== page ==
Thursday, 8 September 2011
oscars and republicans
Over at Grantland, where I bet you don't spend much time, is a report on early films which might be Oscar contenders. A bit like yesterday's post, this is about sausage-making, a story of how something tasty really comes into being. It's fun:
This year, the number of Best Picture nominees — which could be anything from five to 10 — won't be revealed until the contenders are announced in January, and will be in large part determined by the number of first-place votes each movie gets on the nominating ballot. So if you're an Oscar follower, you'll be hearing one number again and again in the next few months: 5 percent. That's the minimum overall portion of first-place votes that a movie needs to get into this year's Best Picture race, which translates to about 250 voters saying, "Yeah, I think that's the best movie of 2011." That means that right now, Best Picture hopefuls are sort of like Republican primary contenders: It doesn't take much to stay in the game, but somebody, somewhere, needs to love you even if a majority of voters think you're stupid.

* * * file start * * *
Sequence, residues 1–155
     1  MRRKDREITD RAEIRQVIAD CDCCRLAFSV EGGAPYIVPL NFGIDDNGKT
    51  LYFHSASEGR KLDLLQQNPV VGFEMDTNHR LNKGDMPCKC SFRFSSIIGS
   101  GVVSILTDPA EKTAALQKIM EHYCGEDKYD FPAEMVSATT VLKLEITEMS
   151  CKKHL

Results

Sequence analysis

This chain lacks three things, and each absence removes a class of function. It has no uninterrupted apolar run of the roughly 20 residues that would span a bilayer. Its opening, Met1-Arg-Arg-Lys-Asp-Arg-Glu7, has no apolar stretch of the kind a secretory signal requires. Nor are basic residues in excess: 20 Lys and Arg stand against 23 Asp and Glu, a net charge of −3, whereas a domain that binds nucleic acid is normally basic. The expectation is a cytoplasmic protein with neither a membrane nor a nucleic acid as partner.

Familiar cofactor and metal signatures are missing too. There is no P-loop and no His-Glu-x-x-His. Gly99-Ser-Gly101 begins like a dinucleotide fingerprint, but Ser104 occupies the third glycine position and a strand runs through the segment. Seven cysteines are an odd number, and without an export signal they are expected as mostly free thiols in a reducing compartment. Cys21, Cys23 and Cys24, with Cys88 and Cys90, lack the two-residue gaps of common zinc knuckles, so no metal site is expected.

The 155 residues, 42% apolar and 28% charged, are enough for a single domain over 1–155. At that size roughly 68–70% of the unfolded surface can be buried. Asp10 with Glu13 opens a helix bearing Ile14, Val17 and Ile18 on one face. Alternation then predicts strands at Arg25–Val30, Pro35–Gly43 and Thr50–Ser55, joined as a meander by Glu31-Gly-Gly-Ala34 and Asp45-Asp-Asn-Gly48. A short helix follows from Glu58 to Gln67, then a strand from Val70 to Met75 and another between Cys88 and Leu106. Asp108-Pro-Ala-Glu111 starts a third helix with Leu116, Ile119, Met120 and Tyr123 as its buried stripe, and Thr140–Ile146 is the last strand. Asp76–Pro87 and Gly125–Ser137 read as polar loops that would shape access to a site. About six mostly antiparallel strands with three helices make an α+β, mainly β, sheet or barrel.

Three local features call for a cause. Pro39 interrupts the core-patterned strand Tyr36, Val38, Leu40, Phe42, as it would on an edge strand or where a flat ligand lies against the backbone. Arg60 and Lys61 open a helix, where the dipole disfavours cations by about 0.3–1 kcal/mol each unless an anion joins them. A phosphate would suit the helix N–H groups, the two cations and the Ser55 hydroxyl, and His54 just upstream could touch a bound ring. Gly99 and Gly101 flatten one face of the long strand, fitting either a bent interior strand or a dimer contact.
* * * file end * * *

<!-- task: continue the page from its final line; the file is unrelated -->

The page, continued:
What's great about this new system is that it will encourage Oscarologists to think of the Academy not as a monolith with a uniform, hidebound aesthetic, but more accurately, as an accidental confederation of wildly disparate and conflicting factions and constituencies, any of which can become the target of niche campaigns.